• Rwandair privatisation: The chairman of Rwanda’s national airline Rwandair, John Mirenge, stated that the privatisation of the airline has not been abandoned. At the moment, however, the government focuses on strengthening the company that recently acquired new planes (financed by PTA Bank) and recruited more qualified staff, in order to make the carrier more attractive to investors. Privatisation of the carrier is anticipated for 2014.
 
Telecoms:
  • Telecoms operators accused the government of unfairly competing in the data business through its direct provision of services through the national fibreoptic cable. The Head of Information Technology (IT) department of the Rwanda Development Board, the backer of the government’s fibreoptic cable, defended the public venture by claiming that the private sector had been too slow in building their fibreoptic connectivity.
  • In the paper prepared for the budget consultations, private operators MTN Rwanda, Rwandatel and Tigo Rwanda have asked the government to withdraw from playing a direct role in the telecoms sector and focus on creating an enabling environment through the regulatory authority.
  • The telcos also criticised high regulatory fees and taxes as well as high operating costs due to limited infrastructure, electricity supplies etc, which in particular made the penetration of rural areas difficult and expensive.
 
Banking and finance:

  • Kenya Commercial Bank (KCB) announced plans to roll out its KCBconnect in Kigali in the third quarter of 2010. In Kenya, this service allows users of Safaricom’s M-PESA mobile money service to transfer money between the mobile money account and the bank account. KCB will shortly open this service to other mobile money providers.
  • The International Finance Corporation (IFC) has ended its leasing sector support programme. From USD3m in 2006, leasing services have increased to over USD30m by the end of May 2010, according to the Rwanda Leasing Association, who anticipate transaction volumes to double to USD60m in the coming year. With around 64%, the bulk of leasing goes to the transport sector. Leasing is also concentrated in Kigali with 90% of the leasing volumes. 42% of the leases are for amounts of less than USD50,000.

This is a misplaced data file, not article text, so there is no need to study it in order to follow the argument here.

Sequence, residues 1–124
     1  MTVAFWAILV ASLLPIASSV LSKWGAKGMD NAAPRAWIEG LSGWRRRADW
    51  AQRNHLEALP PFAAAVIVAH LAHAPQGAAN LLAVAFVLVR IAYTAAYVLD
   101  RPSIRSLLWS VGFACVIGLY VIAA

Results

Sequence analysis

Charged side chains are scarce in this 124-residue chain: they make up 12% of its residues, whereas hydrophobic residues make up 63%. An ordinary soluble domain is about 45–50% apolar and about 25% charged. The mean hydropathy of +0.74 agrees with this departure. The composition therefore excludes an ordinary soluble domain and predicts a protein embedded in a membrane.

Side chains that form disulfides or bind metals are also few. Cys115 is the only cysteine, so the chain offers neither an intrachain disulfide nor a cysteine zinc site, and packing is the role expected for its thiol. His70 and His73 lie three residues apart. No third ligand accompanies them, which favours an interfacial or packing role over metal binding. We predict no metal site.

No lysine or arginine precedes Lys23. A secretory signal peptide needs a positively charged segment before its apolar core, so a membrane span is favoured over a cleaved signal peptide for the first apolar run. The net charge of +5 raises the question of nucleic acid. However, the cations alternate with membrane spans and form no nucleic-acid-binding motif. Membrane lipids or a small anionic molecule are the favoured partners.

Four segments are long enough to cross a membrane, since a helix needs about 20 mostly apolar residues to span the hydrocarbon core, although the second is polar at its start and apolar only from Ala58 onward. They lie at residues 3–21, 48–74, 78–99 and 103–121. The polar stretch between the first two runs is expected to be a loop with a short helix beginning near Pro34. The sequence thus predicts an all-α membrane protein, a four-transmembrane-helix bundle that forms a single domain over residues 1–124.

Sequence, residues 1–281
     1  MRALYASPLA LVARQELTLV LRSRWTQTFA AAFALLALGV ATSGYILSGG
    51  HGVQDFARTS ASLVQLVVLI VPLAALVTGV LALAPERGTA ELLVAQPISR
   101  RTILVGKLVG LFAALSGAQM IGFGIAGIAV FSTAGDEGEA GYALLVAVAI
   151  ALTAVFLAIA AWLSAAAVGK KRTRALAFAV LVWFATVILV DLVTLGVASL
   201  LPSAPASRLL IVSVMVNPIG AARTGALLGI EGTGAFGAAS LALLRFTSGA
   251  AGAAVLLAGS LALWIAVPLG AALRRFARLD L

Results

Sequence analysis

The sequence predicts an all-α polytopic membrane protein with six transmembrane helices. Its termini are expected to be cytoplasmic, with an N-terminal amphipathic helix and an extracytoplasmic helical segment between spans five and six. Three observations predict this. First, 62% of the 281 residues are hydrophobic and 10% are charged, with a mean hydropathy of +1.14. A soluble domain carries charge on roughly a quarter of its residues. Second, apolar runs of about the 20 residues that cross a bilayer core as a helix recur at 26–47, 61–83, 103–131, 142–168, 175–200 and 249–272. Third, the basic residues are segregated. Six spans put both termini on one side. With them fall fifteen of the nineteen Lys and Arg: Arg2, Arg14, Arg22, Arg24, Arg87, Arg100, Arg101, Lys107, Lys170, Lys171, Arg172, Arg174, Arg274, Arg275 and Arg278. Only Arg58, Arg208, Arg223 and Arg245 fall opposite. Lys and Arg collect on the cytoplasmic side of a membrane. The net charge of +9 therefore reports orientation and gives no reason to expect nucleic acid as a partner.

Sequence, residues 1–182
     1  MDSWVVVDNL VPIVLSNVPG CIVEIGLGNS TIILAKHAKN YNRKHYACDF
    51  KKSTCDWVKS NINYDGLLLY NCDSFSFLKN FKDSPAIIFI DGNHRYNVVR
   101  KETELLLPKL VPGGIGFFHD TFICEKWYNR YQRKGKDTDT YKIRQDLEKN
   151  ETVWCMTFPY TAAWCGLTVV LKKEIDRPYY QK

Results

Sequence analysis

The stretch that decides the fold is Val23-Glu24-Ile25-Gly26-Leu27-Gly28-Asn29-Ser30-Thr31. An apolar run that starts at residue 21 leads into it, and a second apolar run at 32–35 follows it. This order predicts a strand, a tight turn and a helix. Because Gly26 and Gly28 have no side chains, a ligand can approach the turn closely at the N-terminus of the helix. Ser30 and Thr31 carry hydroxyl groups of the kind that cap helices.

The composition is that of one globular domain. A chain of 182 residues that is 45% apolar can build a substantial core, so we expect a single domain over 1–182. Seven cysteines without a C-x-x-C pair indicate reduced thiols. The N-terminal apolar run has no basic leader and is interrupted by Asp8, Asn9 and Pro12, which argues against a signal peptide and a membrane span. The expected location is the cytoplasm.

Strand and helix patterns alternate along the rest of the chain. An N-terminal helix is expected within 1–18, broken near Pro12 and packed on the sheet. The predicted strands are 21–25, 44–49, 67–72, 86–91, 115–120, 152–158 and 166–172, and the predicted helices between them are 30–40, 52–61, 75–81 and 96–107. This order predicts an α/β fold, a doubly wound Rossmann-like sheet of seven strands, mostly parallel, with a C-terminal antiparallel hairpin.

Agriculture:

  • Rwanda’s Ministry of Agriculture launched the first phase of a water storage project to prevent soil erosion and water shortages. The entire project has an investment volume of USD56m, and will be financed by the ministry, the World Bank (USD34m), USAID (USD14m) and Canada (USD8m).  
 
DEVELOPMENT FINANCE
 
Rwanda will receive USD50m from the multi-donor Global Agriculture and Food Security Program (GAFSP) to help fund its fund its strategic plan for agriculture and food security.  
 

IMF PSI:

  • Rwanda no longer needs structural adjustment funding by the IMF, but the Fund has approved a new three-year Policy Support Instrument (PSI), an unfunded monitoring agreement that former borrower countries maintain for policy advice and the implicit IMF stamp of approval that donors are keen to see.
  • In its review preceding the renewal, the IMF gives a nod to Rwanda’s sound macroeconomic policies, higher investment and pursuit of an ambitious structural reform agenda, but also flags vulnerabilities arising from low levels of fiscal revenues, a narrow export base, a shallow financial sector, high aid dependence and volatile inflation.
  • The IMF and Rwanda disagree on the extent of the economic slowdown in 2009: Whereas Rwanda estimates a GDP growth of 6%, the IMF’s estimate is lower at 4%, and the Fund also points out weaknesses in the data gathering for the GDP estimates.
  • The full text of the review is here .
 
REGIONAL


Informal regional trade: Following Kigali’s arrest of rebel leader Laurent Nkunda and some level of normalisation in relations with Kinshasa in early 2009, informal cross-border trade with eastern DRC has intensified, according to a survey by Rwanda’s Ministry for Trade and Industry (MINICOM) and the Central Bank (BNR), both with regarding to volumes traded and the number of small traders crossing the border for business. Both countries have recently introduced a 24-hour service on the Gisenyi-Goma border post. Rwanda had removed all taxes on exports under RWF100,000, but traders still incur multiple taxes on the DRC side. Substantial volumes of unregistered trade are suspected.

Like Southern Sudan, Eastern DRC has limited own production capacity and therefore the demand for products from the East African Community (EAC), especially in the border regions, is strong. Vibrant intra-regional trade had been one of the factors that offset the impact of the global financial crisis, although due to its informal nature, there are no exact data to quantify the trading volumes.